Breathe and push. You have acknowledged, built on, borrowed from a number of traditions in your work. Valarie, you are a lawyer, you have a degree in law. You have a degree in divinity. You have a degree of bachelor's arts from a lot of institutions. You Very credentialed. The thing that I'm actually most curious about it, came very early in your book, "See No Stranger". You wrote, I grew up on 40 acres in Clovis, California. And I want to know, did you have a mule as well? Like, did you have 40 acres and a mule? Because I'm just I'm still looking for that. And I was like, "Oh!"

Unknown Speaker  7:25  

We didn't even have

Valarie Kaur  7:26  

a cow. My dad got the cow. But by the time I was born, we just got the strawberries. Yeah, my family has lived and farmed in California for more than a century. And so I grew up with such a deep connection to this land to this soil. And I was raised with my grandparents. So I still grew up with the stories and the scriptures and the songs of my Sikh faith. And so that was my orientation to the world. And, you know, it wasn't severed of course until I experienced my first racial slur, like so many of us, young kids of color, and I feel like my whole life has been a journey of returning to feeling at home in my body. Yeah, at

Baratunde Thurston  8:10  

home in the world. The project that we are embarking on, not just as a podcast, but as a society. You know, it feels like we have this moment, we're at this tipping point, and which way we tip is not a foregone conclusion. It's not guaranteed to be great, but it's also not guaranteed to be devastating. So tomb or womb feels like it's up to us. Yes, you just said in my body. And I think there's a lot of this work, which feels very external. It's about giving money to organizations. It is about getting to know our neighbors, you know, as real people and supporting folks on the ground doing work and re engaging with our democracy with our bodies out there. But what do you think you might have some thoughts on the internal work what is the the body of each have us how do we get in touch with that? What is the role of that? I think in this act of citizenship of power to the people,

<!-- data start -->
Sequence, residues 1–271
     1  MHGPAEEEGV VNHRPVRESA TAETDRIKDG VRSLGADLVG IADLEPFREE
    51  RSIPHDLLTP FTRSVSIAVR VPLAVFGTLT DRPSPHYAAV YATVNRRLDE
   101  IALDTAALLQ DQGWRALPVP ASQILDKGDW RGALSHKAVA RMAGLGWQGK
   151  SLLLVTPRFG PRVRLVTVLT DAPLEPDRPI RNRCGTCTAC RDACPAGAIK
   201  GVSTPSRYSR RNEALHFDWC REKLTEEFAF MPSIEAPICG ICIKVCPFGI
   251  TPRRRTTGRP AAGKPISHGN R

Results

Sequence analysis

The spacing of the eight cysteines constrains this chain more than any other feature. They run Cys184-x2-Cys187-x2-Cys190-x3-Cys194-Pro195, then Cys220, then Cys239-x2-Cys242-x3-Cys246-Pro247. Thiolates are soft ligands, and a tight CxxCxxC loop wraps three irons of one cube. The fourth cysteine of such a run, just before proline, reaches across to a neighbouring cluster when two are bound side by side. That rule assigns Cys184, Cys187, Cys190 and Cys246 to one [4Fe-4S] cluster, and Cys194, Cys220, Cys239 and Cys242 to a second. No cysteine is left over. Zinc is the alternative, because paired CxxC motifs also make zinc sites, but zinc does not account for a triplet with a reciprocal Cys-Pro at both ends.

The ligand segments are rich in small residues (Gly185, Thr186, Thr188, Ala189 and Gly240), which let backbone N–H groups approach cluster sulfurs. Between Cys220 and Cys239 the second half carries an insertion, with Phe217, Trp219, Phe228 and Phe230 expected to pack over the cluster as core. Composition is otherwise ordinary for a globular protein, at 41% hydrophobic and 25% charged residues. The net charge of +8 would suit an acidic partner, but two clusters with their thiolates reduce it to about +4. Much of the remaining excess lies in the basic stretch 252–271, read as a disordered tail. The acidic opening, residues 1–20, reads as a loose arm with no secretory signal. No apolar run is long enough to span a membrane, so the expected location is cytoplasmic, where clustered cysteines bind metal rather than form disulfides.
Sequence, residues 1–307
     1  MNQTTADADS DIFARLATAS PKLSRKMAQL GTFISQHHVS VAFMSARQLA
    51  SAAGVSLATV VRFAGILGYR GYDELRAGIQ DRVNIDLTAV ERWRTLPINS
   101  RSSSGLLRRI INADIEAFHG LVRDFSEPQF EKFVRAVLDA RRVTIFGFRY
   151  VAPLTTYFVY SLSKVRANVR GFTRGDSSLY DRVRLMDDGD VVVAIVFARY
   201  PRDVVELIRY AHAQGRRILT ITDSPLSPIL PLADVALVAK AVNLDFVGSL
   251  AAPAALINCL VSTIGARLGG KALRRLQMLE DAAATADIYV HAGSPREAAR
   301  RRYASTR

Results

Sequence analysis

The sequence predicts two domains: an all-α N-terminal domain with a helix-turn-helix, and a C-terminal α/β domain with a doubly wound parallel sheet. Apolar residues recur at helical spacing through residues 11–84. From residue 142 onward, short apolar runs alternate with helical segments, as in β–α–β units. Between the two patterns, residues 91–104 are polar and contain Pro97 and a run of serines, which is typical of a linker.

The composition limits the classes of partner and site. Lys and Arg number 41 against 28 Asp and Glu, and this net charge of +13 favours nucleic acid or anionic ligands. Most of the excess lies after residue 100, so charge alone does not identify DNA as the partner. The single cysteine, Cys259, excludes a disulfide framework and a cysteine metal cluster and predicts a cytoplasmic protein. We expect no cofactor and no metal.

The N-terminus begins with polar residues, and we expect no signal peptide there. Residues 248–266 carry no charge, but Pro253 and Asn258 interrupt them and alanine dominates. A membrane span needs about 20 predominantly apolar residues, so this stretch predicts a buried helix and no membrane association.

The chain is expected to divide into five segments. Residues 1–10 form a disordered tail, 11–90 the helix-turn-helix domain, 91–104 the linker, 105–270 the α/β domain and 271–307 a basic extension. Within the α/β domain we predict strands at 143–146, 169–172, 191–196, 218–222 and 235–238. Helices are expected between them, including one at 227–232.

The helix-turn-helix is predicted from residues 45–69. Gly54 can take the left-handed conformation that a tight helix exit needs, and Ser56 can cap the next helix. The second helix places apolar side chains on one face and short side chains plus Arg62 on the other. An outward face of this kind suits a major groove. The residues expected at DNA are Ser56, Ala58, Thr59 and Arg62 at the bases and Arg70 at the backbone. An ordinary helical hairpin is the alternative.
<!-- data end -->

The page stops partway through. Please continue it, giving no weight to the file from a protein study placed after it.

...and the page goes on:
Valarie Kaur  9:08  

Yes. [Speaks Punjabi] I see no enemy. I see no stranger. These were the words of Guru Nanak, the founder of the Sikh faith. And really he was just lifting up a call to love that has been on the lips of indigenous leaders and spiritual teachers and social reformers for so many centuries. And this is not about a belief that we hold in our head. I mean, anti racism is in the air and so many good people are holding it as an idea in their minds like trying to be anti racist trying to be and actually it doesn't work. To be truly anti racist is to orient to the world in a new new way. 

And so I'm inviting people into thinking about what it means to see no stranger. George Floyd, brother, Breonna Taylor, sister, their children, our children, when we See no stranger who are brave enough to see no stranger than it must mean being brave enough to let their grief into our own hearts, and to fight for them when they are in harm's way. So, revolutionary love is when we are brave enough to see no strangers, not out there and not in here. And for so many people of color, we live in a culture that wants to make a strange to ourselves that wants to sever us from our own inner knowing. And so the book, "See No Stranger" is about what it means to practice love to labor in love for others, even for our opponents and for ourselves as a way of moving through the world that is both personal and political.